I am having hard time proving this either right or wrong.

Let's take for example a river, does the water flowing down follow the least resistant path?

  • $\begingroup$ Nature is lazy... Principle of least action $\endgroup$ – raul Oct 16 '15 at 23:25

The river will not always follow the along the path of least resistance because as water flows, its momentum increases. If a river follows a bend/curve in the land, it may slosh against the bank or even go over the bank--but eventually, it will lose some of its momentum & then flow to a lower elevation or seep through the earth to a lower elevation. So as you can see the direction & momentum of water movement depends on other factors.

  • $\begingroup$ yes, those factors define the path that require less energy from the river. $\endgroup$ – raul Oct 16 '15 at 23:49
  • $\begingroup$ But least effort would not guarantee path of least resistance. @raul $\endgroup$ – Marwan Doumit Oct 16 '15 at 23:51
  • $\begingroup$ That's why the rivers has curves. To flow with the less resistance. $\endgroup$ – raul Oct 17 '15 at 0:03
  • 1
    $\begingroup$ Since when straight rivers are sexy? Kill the stereotypes, real rivers have curves. $\endgroup$ – raul Oct 17 '15 at 0:09

Not necessarily. Imagine two containers connected by a narrow hose that is just below the water line, and a big hose (like a syphon) above the water line.

The path of least resistance would be the large hose - but you need to "prime" the hose for the water to find / choose that. If you don't, then the water will flow through the small hole. Not the path of least resistance. The "most available" path of least resistance.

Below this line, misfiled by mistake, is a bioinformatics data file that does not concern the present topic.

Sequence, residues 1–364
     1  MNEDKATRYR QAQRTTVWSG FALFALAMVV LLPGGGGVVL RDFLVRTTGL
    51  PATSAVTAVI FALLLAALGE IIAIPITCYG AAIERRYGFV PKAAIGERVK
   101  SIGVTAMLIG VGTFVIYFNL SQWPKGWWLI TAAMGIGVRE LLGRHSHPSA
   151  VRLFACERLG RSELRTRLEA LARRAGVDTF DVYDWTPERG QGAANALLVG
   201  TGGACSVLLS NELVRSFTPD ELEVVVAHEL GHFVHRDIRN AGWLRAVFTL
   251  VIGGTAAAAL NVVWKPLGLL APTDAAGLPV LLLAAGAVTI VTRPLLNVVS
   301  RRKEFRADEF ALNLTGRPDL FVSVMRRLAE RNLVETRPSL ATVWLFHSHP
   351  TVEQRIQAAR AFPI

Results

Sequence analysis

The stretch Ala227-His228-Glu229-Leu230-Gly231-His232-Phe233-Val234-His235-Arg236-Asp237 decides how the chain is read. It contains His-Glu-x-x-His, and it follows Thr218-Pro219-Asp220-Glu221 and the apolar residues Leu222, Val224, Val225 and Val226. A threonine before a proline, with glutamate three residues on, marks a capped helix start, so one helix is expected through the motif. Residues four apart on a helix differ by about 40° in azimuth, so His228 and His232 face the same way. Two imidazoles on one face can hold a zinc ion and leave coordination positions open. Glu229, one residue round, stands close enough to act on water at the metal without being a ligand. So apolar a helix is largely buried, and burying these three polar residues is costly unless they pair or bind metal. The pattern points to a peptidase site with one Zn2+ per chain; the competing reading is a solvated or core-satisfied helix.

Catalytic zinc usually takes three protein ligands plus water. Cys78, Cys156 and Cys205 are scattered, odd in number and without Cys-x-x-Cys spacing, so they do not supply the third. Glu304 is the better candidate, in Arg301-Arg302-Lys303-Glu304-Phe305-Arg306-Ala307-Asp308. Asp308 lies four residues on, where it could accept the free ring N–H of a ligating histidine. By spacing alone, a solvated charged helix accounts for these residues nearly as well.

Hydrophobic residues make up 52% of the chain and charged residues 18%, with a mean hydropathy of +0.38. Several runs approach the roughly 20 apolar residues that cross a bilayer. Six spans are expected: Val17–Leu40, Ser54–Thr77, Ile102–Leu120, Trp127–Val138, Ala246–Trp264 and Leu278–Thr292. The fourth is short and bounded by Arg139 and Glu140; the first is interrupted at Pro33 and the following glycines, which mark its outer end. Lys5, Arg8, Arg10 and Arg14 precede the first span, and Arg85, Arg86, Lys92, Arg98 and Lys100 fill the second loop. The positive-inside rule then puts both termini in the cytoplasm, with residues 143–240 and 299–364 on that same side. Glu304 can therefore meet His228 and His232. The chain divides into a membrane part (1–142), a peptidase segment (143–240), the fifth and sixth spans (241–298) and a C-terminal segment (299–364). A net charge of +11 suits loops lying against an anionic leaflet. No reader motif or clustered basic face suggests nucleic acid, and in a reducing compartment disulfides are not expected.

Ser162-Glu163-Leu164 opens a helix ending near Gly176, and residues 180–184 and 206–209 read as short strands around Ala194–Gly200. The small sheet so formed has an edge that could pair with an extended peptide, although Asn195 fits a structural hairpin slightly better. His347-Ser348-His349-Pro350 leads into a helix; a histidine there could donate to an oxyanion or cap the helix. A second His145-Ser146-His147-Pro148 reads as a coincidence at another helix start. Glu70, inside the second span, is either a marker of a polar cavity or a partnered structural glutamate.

And if you have more than one hole under the water line, the water will flow through all of them; it may flow more through the wider hose, and less through the narrow one - but it will use all of them. It won't find the "path of least resistance", but the distribution of flow that will lead to the least "total" resistance.

Of course you might have to define "path of least resistance" more carefully...

  • $\begingroup$ Nah!, bad example. It would require more energy to get to the biggest hole than let the gravity do all the work $\endgroup$ – raul Oct 16 '15 at 23:47

protected by AccidentalFourierTransform Jun 15 '18 at 20:06

Thank you for your interest in this question. Because it has attracted low-quality or spam answers that had to be removed, posting an answer now requires 10 reputation on this site (the association bonus does not count).

Would you like to answer one of these unanswered questions instead?

Not the answer you're looking for? Browse other questions tagged or ask your own question.